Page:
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Are there technical benefits for shooting black & white in camera rather than desaturating in post?
I personally feel it's better to do a lot of tests with Conversion so you can see what emulated film stock you will end up using in post. Then you can set up your camera or LUT appropriately so you have a color copy, just in case. Also, I haven't been impressed at ALL with any video camera shooting in B&W except for the Blackmagic line.
June 24, 2015 at 8:02PM
If you want more control in post but if you want some more natural and faster, in camera :D
June 25, 2015 at 8:14AM
If you shoot in colour, it's very handy to have a b&w monitor. It's too easy to overlook the fact that your actor in the red shirt disappears against the blue background, because they're both dark grey.
June 25, 2015 at 10:20AM
I think shooting in color with a monitor that is set to black and white is the best middle ground. For one thing, color filmstocks typically don't respond to colors in the same even levels that a color digital sensor does. If you want to use something like Filmconvert to more realistically emulate black and white filmstock, for instance, it's advantageous to have the color. This also gives you freedom to tweak the brightness values of isolated colors (for instance, if your actor's red shirt DOES disappear against a blue background, you can darken the blue background a bit without affecting the red, and once it's in black and white the manipulation may become seamless)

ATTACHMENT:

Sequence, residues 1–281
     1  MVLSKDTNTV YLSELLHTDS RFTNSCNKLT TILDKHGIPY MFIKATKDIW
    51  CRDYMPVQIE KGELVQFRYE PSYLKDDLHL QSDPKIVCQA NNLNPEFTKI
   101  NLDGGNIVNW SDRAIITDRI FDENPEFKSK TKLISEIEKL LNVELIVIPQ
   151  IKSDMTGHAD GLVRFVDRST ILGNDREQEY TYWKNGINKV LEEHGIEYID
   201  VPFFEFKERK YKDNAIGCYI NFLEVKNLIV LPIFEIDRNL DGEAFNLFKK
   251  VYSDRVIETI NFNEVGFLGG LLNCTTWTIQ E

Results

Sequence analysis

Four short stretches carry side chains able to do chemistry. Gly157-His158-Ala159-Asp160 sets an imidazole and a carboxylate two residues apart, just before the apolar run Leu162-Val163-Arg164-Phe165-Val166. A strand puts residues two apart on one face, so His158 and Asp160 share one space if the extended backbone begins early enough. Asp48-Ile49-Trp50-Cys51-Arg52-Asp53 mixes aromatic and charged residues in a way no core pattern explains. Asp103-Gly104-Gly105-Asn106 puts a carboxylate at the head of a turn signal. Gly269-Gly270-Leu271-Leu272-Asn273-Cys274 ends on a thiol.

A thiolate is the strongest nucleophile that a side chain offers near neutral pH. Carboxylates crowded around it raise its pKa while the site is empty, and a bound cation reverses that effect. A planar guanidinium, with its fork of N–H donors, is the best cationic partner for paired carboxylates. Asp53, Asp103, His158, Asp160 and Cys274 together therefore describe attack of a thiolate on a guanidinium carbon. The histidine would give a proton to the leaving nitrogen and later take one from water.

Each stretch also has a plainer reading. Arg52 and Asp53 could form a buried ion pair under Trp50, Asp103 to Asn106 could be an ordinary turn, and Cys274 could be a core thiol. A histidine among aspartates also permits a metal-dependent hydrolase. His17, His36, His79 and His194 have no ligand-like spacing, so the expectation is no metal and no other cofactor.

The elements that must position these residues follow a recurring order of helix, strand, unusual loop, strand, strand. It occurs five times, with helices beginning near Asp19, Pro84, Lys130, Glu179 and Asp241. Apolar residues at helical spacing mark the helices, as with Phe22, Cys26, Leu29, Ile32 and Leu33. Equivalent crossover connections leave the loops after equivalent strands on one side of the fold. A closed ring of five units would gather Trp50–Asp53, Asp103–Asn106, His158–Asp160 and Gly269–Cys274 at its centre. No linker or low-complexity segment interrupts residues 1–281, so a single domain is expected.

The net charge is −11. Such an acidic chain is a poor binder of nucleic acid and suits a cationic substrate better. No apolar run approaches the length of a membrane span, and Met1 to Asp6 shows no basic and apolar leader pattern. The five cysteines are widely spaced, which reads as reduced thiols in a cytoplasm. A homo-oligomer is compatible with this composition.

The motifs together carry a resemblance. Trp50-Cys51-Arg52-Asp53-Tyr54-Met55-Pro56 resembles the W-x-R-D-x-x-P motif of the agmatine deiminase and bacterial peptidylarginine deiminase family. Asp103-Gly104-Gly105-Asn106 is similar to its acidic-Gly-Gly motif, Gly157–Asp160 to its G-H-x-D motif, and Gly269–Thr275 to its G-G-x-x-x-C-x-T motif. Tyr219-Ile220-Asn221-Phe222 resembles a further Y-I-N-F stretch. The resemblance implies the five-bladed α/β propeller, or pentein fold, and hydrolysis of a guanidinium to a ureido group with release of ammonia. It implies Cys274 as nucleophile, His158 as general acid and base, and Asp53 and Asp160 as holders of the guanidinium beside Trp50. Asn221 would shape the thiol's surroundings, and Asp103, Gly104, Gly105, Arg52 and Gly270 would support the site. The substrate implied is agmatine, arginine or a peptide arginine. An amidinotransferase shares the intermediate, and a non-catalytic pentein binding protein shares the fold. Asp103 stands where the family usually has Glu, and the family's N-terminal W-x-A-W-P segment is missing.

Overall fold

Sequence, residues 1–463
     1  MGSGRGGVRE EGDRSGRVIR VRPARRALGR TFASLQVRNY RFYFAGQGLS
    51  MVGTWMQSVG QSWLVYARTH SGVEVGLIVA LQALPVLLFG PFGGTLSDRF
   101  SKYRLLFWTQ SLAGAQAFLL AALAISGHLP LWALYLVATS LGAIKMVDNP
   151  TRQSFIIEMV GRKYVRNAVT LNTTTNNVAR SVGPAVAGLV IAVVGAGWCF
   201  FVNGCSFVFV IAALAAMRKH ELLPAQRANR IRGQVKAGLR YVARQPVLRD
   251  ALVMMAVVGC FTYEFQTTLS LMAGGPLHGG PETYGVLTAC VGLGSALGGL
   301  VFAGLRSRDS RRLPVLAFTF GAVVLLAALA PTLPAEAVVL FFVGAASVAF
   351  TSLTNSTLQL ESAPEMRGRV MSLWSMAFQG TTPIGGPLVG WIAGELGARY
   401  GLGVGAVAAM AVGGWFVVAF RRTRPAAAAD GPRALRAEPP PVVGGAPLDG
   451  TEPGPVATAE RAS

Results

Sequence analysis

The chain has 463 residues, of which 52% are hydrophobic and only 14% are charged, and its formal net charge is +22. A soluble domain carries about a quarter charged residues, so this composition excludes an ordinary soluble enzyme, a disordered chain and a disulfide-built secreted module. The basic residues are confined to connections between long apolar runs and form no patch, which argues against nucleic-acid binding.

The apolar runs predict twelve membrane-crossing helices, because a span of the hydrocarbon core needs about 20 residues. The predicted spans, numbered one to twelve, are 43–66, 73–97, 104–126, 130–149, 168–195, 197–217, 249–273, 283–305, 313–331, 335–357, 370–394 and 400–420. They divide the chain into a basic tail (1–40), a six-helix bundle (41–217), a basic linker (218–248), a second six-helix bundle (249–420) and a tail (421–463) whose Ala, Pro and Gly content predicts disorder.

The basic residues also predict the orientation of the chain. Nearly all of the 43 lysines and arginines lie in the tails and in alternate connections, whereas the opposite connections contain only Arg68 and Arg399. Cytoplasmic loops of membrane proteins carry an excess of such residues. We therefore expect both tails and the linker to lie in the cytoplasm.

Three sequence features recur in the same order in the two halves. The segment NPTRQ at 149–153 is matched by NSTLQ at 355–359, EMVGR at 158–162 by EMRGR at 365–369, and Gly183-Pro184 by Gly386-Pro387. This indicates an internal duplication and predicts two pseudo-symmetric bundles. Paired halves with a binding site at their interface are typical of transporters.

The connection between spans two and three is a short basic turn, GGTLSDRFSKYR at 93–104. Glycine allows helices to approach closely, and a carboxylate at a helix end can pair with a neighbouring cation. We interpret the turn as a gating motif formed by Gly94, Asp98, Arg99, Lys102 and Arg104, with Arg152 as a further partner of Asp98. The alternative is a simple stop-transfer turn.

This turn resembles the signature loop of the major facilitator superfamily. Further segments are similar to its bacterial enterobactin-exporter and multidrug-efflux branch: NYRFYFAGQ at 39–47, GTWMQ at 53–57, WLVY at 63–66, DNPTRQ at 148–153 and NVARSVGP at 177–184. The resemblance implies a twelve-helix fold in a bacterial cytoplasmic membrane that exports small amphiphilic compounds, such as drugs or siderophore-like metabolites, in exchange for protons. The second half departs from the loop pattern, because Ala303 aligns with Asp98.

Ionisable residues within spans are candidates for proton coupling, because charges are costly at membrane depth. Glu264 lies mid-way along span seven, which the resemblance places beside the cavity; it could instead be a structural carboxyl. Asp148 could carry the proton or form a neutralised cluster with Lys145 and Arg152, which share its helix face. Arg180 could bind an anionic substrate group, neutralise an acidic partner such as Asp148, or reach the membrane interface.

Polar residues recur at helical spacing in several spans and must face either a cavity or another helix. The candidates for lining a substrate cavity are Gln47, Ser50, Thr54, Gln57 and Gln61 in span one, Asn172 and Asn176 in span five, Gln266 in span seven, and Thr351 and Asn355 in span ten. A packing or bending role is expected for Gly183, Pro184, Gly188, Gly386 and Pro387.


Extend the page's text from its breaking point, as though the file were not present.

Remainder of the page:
But as Minor Mogul mentions, there are risks to shooting in color without being able to see (approximately) what it'll look like in B&W.
Of course, there are some cinema cameras with special black and white sensors, allowing for the maximum amount of image fidelity, such as the Epic-M Monochrome, or the D16M (Digital Bolex Monochrome), and I think the footage I've seen from those cameras looks fantastic.
June 26, 2015 at 1:21AM, Edited June 26, 1:21AM
Here's the thing, there's a HUGE difference between shooting B&W and shooting desaturated. An image with no saturation just takes a direct luminance only image and typically looks terrible. B&W film and also B&W converters/film emulators have different sensitivity to different colors when they convert to black and white. If you convert in post, you can pop the orange-ish channels a little to make the skin tones stand out while maybe darkening the green-ish channels to deepen the foliage in the scene, etc. Some cameras have decent B&W built in (that take the colors into account for how the conversion takes place) but most of the time, the flexibility and control in post will help a ton. That being said, a Black and White monitor will help immensely for lighting.
June 26, 2015 at 2:20PM
Well if you do it in camera, practice a bunch. In camera the only control is how you use the controls in your camera. So, if you have practiced and are comfortable, I see no problem with in camera black and white. However if you do it in post and have plug ins for your NLE you have lots of different looks for black and white. I use Sony Vegas Pro with Magic Bullet Looks and new blue effects, so for versatility there is nothing like doing it in post and if you don't like it you can always change at a later date.
June 27, 2015 at 9:58PM